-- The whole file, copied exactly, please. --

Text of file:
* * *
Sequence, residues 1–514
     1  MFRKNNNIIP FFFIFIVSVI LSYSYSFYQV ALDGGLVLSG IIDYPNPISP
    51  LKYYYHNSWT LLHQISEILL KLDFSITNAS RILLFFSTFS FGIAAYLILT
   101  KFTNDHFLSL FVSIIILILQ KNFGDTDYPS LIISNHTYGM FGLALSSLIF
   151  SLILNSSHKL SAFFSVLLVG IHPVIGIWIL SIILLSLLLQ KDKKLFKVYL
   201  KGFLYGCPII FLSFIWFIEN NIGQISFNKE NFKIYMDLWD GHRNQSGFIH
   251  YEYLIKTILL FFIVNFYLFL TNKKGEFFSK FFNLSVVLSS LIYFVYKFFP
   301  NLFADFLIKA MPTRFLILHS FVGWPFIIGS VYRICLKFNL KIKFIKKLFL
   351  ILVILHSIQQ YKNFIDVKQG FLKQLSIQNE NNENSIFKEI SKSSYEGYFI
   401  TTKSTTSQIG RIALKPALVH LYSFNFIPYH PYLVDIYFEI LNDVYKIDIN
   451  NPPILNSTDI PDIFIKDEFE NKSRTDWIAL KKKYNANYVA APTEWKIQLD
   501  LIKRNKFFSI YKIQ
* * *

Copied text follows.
Sequence, residues 1–514
     1  MFRKNNNIIP FFFIFIVSVI LSYSYSFYQV ALDGGLVLSG IIDYPNPISP
    51  LKYYYHNSWT LLHQISEILL KLDFSITNAS RILLFFSTFS FGIAAYLILT
   101  KFTNDHFLSL FVSIIILILQ KNFGDTDYPS LIISNHTYGM FGLALSSLIF
   151  SLILNSSHKL SAFFSVLLVG IHPVIGIWIL SIILLSLLLQ KDKKLFKVYL
   201  KGFLYGCPII FLSFIWFIEN NIGQISFNKE NFKIYMDLWD GHRNQSGFIH
   251  YEYLIKTILL FFIVNFYLFL TNKKGEFFSK FFNLSVVLSS LIYFVYKFFP
   301  NLFADFLIKA MPTRFLILHS FVGWPFIIGS VYRICLKFNL KIKFIKKLFL
   351  ILVILHSIQQ YKNFIDVKQG FLKQLSIQNE NNENSIFKEI SKSSYEGYFI
   401  TTKSTTSQIG RIALKPALVH LYSFNFIPYH PYLVDIYFEI LNDVYKIDIN
   451  NPPILNSTDI PDIFIKDEFE NKSRTDWIAL KKKYNANYVA APTEWKIQLD
   501  LIKRNKFFSI YKIQ